Thanks to the good people at Harper Collins Canada for providing me with this month's book.
Animal, Vegetable Miracle: A Year of Food Life
By Barbara Kingsolver with Steven L. Hopp and Camille Kingsolver
370 pages; $17.50
Transplantation stories—kit and caboodle packed up and moved to strange and alluring surrounds—are a bit of weakness. Tim Parks, Peter Mayle and Georgeanne Brennan have all sucked me into their travels and travails as they navigate new customs, meet the local colour and slowly try and work their ways in to the weft of their new neighbourhood fabric. Amusing, eye-opening and painfully self conscious these books help to satisfy my armchair travel-cum-voyeurism. Barbara Kingsolver’s Animal Vegetable Miracle walks in this genre, but also tramples on socio-political foodism that is de rigueur.
The book’s premise is simple: Kingsolver, her partner and children leave Arizona for an Appalachian farm to grow their own food, eat locally and basically become better people for it. They grew a lot of vegetables, raised chickens and had various “a-ha” moments regarding food production and food consumption.
Multi-authorship is a tricky premise to execute effectively and in my opinion, this is a prime example of too many cooks. Kingsolver is the main narrator, recounts mushroom hunting, travelling to Montréal, market shopping and other slices of life. Interjections about modern food production appear from her partner Steven L. Hopp, including treatises on locavorism, food pricing, and genetically modified foods. Her daughter Camille provides her own insights into the familial adventures along with recipes and menu ideas.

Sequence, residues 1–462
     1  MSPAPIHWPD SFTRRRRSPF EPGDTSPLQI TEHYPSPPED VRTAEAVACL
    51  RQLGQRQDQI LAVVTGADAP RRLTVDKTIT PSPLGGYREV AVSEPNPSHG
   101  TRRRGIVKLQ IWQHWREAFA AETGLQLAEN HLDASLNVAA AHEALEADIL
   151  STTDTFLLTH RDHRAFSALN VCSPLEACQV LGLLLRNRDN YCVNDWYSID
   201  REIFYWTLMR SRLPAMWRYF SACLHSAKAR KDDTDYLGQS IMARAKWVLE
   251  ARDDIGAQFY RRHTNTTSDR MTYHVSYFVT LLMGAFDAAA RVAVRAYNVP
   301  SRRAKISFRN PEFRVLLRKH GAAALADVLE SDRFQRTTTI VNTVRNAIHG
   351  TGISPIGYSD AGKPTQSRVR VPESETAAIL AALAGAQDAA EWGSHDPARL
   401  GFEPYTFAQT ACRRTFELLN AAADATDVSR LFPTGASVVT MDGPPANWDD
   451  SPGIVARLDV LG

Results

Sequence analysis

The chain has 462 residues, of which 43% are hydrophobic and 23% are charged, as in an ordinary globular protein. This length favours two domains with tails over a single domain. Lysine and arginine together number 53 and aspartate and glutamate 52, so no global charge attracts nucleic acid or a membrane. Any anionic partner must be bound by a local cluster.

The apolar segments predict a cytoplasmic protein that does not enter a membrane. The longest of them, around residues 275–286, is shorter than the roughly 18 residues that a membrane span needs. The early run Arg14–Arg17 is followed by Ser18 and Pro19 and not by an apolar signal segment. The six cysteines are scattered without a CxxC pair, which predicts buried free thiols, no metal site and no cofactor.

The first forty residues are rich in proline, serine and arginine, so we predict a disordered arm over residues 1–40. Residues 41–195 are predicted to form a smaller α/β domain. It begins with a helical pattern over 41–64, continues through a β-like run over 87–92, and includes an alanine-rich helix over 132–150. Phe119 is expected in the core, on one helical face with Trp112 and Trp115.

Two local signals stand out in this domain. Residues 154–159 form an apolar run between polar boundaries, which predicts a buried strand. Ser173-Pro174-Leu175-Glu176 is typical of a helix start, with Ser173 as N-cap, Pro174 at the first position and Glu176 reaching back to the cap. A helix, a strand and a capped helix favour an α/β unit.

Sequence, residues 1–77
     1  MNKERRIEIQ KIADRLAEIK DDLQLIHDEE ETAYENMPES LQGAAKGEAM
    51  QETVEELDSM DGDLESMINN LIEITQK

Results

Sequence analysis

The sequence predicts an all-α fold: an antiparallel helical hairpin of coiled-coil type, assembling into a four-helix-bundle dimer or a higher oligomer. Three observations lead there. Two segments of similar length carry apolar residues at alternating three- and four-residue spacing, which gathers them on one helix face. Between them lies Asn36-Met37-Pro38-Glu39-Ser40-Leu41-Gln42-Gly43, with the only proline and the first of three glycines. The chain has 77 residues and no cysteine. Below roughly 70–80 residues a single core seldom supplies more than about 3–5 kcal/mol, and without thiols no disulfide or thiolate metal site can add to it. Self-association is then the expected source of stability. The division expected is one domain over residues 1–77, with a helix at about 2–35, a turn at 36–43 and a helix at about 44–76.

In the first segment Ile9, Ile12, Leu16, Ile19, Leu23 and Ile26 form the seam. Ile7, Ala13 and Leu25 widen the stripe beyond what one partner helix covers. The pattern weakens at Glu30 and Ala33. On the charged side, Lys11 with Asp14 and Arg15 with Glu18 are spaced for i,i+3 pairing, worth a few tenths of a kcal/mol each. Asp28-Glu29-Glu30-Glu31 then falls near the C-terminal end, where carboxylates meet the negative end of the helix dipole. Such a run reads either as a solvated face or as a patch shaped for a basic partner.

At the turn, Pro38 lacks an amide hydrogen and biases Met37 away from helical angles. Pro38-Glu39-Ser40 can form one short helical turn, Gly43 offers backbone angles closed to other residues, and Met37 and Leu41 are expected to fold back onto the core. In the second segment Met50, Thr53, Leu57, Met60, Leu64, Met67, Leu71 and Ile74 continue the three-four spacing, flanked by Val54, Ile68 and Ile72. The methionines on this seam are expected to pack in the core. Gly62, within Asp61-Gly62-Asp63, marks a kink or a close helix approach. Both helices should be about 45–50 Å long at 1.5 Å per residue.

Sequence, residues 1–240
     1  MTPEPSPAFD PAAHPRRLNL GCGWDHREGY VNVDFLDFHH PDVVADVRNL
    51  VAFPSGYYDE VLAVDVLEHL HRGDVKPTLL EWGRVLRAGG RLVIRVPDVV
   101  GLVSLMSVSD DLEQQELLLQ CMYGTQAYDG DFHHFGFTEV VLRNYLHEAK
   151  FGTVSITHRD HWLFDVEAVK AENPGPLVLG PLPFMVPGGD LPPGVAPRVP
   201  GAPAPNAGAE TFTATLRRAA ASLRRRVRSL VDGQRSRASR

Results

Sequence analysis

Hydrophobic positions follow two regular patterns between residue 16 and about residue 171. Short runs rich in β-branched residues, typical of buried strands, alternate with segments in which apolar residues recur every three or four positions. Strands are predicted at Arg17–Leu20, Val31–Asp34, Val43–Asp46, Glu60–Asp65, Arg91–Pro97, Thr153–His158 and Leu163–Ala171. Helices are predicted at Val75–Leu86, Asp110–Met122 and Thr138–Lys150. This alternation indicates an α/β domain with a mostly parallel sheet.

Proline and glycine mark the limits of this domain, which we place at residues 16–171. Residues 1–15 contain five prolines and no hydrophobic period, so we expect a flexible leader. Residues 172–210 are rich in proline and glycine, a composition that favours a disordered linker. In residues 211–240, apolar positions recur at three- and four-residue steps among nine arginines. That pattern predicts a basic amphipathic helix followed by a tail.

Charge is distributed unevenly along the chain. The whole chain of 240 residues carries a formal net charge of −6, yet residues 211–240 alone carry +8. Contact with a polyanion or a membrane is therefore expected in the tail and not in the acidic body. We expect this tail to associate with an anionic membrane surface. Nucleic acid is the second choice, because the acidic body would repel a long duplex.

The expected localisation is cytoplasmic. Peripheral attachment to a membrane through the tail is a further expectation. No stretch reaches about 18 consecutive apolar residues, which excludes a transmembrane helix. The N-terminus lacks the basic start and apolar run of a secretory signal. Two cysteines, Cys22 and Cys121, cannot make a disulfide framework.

I had a hard time getting into this book. I started it several times, and at each attempt I set it back on the table with great exasperation.
Barbara Kingsolver is a very good writer. Primarily known as a fiction writer, her words engage the reader and bring her new community (and her family) to life. If this book were “only” a story about a family moving out to a farm and their adventures and learnings, it would be a fabulous read. Unfortunately, it’s not. Hopp’s essays contain a degree of earnest, evangelistic scholastic work usually voiced by those who’ve just learned about how food gets to our plates. Readers would be better served by Michael Pollan’s The Omnivore’s Dillema or Gina Mallet’s Last Chance to Eat. Camille Kingsolver’s essays are marked by purpled prose indicative of schoolgirl essays; quite honestly, I was quickly disinterested in the younger Kingsolver’s words and barely skimmed most of her passages. I think I’d have rather read Lily Kingsolver’s (Barbara Kingsolver’s youngest daughter) views of the process. Really.
The differences in styles and abilities interfere with the text’s flow, and to me create a chopped and disparate book. The anecdotal recounts of their experiences are fun to read, but I’m not sure if they balance out the food politics presented, nor are they salves to what seem like her daughter’s indulgent passages.